A pathologist fired from an Arkansas veterans hospital after officials said he had been impaired while on duty was charged Tuesday with involuntary manslaughter in the deaths of three patients who authorities say he misdiagnosed and whose records he later altered to conceal his mistakes.
A grand jury indictment unsealed Tuesday charged Dr. Robert Morris Levy in the patients’ deaths and on multiple charges of fraud and making false statements for his alleged attempts to conceal his substance abuse and incorrect diagnoses.
“In doing so, he was allowed to stay employed with the Veterans Administration, thus earning a salary, benefits and possibly a bonus,” Duane Kees, the U.S. Attorney for the Western District of Arkansas, said at a news conference in Fayetteville, referring to the Department of Veterans Affairs by its former name. Levy, who worked at the Veterans health Care System of the Ozarks in Fayetteville, was paid an annual salary of $225,000, according to the indictment. He was fired from the hospital in April 2018.
VA officials said in January that outside pathologists reviewed nearly 34,000 cases handled by Levy and found more than 3,000 errors or missed diagnoses dating back to 2005. Levy has acknowledged that he once showed up to work at the Veterans Health Care System of the Ozarks drunk in 2016, but he denied that he had worked while impaired. He entered an in-patient treatment program following that incident and returned to work in October 2016 after agreeing to remain sober and submitting to random drug testing.
Levy, who was being held at the Washington County jail, pleaded not guilty at a hearing Tuesday. Kees said that as of Tuesday morning, Levy had not obtained counsel to represent him in the case.
In the deaths, Levy is accused of falsifying entries in his patients’ records after making incorrect and misleading diagnoses. In one case, a patient died of prostate cancer after Levy determined that his biopsy showed he didn’t have cancer, prosecutors allege.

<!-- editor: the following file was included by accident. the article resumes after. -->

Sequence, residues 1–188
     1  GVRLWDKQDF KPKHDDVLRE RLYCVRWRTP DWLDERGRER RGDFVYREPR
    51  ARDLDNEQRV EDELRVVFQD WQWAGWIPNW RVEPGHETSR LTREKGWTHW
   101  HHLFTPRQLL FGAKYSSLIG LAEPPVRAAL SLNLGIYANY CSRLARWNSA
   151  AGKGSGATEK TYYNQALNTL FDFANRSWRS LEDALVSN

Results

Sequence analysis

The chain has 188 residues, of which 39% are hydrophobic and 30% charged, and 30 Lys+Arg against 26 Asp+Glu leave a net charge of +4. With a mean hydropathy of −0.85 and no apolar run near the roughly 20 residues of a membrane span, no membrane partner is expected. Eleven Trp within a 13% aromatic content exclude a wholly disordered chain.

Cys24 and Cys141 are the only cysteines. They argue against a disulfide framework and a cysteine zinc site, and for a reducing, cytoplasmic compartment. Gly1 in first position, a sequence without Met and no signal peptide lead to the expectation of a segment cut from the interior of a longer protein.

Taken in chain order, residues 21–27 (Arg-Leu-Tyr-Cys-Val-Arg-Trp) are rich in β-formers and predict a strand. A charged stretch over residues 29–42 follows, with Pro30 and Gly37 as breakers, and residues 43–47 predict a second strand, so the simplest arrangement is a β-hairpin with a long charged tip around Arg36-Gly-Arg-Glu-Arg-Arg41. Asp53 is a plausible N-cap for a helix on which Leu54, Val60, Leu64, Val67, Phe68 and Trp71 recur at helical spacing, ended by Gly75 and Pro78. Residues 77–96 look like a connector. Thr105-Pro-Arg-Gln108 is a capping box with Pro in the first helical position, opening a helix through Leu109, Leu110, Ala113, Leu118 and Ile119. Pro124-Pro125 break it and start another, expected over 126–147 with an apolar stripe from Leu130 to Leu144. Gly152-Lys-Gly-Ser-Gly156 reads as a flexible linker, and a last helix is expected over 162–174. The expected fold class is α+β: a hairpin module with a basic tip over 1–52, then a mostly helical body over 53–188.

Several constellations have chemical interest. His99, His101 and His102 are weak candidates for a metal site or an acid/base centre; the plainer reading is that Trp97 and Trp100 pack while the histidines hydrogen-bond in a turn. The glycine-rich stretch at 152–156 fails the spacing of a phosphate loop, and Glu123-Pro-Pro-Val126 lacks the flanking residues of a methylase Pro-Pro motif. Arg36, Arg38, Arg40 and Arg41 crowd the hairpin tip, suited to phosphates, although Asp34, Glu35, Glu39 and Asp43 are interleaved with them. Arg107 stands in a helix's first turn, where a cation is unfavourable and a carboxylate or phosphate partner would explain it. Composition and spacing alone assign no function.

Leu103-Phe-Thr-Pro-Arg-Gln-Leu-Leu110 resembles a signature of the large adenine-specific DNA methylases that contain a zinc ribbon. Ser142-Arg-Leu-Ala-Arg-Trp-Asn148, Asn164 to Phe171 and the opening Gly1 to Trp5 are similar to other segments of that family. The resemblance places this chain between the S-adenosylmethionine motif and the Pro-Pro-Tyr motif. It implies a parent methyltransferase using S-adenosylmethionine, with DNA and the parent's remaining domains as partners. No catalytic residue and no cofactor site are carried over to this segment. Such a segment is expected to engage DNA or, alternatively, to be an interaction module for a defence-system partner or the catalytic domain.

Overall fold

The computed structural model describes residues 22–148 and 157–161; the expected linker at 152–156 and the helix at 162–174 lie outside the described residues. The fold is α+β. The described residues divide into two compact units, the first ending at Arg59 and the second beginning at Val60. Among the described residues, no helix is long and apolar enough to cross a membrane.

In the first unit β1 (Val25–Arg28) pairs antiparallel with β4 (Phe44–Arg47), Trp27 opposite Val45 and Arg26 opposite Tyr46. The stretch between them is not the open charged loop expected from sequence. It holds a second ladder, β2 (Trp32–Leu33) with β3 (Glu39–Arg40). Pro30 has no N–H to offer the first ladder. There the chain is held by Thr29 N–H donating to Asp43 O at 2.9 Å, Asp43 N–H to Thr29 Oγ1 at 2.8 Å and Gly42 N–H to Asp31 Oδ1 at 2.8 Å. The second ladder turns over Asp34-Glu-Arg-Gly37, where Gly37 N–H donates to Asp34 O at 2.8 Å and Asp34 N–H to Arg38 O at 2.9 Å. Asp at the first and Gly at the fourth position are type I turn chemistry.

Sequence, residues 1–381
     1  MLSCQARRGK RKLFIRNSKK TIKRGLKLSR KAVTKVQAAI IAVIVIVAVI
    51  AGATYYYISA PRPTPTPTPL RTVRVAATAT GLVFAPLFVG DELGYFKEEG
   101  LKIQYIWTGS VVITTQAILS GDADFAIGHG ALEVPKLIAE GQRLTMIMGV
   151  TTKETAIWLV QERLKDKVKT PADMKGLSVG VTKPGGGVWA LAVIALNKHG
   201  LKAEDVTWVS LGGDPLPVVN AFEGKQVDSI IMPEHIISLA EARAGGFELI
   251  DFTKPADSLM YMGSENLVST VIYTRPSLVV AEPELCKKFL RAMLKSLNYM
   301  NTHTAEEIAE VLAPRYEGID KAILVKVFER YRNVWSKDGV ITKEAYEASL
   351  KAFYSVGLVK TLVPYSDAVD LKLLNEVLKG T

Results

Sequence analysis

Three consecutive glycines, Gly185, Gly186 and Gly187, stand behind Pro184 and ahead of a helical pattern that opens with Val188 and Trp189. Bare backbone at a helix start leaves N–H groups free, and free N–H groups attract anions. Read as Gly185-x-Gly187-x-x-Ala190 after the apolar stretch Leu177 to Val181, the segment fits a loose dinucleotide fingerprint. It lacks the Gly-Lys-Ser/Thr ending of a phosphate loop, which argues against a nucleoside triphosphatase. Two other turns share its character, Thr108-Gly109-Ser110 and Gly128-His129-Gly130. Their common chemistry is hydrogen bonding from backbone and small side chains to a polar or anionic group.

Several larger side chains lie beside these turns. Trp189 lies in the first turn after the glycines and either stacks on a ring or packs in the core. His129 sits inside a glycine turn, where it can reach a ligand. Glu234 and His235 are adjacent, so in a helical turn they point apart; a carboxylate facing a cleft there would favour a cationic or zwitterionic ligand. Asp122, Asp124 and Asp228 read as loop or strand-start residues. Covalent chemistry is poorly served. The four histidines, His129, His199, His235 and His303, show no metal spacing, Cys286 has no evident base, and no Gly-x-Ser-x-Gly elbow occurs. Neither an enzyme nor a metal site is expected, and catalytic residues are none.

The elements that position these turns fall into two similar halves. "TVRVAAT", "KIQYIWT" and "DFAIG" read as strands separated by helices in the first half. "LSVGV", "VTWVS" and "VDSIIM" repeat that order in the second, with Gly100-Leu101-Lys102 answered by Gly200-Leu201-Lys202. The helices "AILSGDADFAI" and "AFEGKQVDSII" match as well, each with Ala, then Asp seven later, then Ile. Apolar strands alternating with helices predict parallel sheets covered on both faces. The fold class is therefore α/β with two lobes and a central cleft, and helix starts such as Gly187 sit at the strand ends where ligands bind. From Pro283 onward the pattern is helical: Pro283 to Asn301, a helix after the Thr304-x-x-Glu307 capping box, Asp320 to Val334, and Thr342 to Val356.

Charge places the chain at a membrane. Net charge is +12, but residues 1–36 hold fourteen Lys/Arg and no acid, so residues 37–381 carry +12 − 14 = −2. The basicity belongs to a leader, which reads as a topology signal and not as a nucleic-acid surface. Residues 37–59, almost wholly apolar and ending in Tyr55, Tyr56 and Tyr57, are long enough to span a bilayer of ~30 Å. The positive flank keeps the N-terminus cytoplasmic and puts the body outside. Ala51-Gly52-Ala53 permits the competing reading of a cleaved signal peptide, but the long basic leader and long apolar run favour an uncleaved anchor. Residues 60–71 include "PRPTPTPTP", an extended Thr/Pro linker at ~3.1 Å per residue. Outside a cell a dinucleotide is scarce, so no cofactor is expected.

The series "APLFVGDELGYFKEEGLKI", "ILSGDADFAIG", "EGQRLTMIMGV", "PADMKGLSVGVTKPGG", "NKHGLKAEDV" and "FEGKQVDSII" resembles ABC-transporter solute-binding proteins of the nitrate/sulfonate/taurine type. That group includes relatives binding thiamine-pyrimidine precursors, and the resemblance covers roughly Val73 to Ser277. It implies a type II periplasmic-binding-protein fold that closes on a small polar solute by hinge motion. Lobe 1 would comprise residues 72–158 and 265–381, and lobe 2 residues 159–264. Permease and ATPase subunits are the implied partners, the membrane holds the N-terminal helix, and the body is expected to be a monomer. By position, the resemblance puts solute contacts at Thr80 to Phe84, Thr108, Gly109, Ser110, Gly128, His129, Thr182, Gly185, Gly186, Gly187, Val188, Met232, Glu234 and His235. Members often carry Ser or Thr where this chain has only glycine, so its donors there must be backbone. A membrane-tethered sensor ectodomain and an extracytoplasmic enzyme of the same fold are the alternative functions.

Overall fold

Prosecutors say a second patient died of squamous cell carcinoma after Levy misdiagnosed the patient with another form of carcinoma. In a third case, the indictment says, a patient with small cell carcinoma was treated for a type of cancer he didn’t have following an incorrect diagnosis by Levy, and died.
In two cases, he’s accused of falsifying patients’ medical records to state that a second pathologist agreed with his diagnosis.
Prosecutors say Levy received bonuses in 2016 and 2017 that were based in part on him reporting that his clinical errors were less than five percent. But, according the indictment, almost 10 percent of the diagnoses he made had clinical errors.
“These charges send a clear signal that anyone entrusted with the care of veterans will be held accountable for placing them at risk by working while impaired or through other misconduct,” VA Inspector General Michael Missal said.
Levy ingested 2-methyl-2-butanol, a chemical that would intoxicate him but that standard drug and alcohol screenings don’t test for, according to the indictment. Levy is accused of lying to hospital officials when he told them he wasn’t under the influence of any intoxicants. Levy is charged with multiple counts of mail and wire fraud for his purchase of the chemical.
If convicted of all counts, Levy faces a sentence of up to 524 years in prison and $7.75 million in fines, Kees said.
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